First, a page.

COATHAM – Link with Caen

Accreditation Cleveland Standard 15/07/1944 


   The Vicar of Coatham (the Re. F. Cosgrove) in the current issue of the church magazine points out an interesting link between Coatham and Normandy. He writes-

   It should be of interest to Coatham parishioners that the town of Caen in Normandy, where the fighting is now going on is the place from which most of the stone was brought to build many English churches, including ours. I in common with others, wish it had not; for Caen stone is mostly lime and much to soft for the hard climate of the North East Coast. Where it was used on the exterior it has almost perished, since the Church was built in 1854, and has been replaced by cement patches instead of local stone. For this interior work, Caen stone easily lends itself for highly ornamental work, and I have always understood that it is not carved with a chisel and hammer but the use of rubbers – a fact which seems to be proved if one carefully examines such decorated pieces as the Reredos Aumbry (or Credence), Sedilia Pulpit Font and Corbel stones in Coatham Church. The superimposed pinnacles of the Reredos having been fractured at some time have, had to be taken down for safety’s sake. Being later additions, their removal does not spoil but rather improves the structure: and there would be nothing to gain by restoring them. My own opinion is that good old English Oak ia preferable, its only disadvantage being that it gets the death-watch-beetle if not cared for, and it has been used successfully in the construction of, and furnishings for churches and other interesting buildings during hundreds of years gone by. The use of Caen stone was a craze about a hundred years ago, and where you see it, it gives you a fairly accurate idea of the date of the building, though not always, unless what I have seen occasionally is a similar material.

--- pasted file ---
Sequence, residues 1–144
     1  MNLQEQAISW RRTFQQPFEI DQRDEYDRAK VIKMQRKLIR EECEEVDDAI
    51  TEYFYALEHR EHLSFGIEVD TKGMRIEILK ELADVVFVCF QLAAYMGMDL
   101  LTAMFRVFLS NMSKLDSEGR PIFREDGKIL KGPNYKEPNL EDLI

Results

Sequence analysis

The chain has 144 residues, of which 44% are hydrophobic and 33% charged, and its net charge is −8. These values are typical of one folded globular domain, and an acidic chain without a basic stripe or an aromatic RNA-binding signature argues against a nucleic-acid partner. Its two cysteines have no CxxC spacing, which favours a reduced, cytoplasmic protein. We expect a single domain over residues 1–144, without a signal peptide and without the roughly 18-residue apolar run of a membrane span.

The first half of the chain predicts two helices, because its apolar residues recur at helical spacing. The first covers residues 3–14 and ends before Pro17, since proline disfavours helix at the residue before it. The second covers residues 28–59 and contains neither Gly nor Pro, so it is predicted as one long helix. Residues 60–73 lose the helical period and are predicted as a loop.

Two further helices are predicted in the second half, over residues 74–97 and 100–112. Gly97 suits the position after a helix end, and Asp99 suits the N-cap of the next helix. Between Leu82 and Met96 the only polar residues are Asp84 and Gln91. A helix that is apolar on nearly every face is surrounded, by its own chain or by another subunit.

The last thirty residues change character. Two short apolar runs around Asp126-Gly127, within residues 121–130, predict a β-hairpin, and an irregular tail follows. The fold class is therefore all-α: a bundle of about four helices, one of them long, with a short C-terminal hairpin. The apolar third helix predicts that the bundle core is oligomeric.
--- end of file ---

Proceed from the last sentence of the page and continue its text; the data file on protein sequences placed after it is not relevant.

Lol Hansom May 15, 2013 Coatham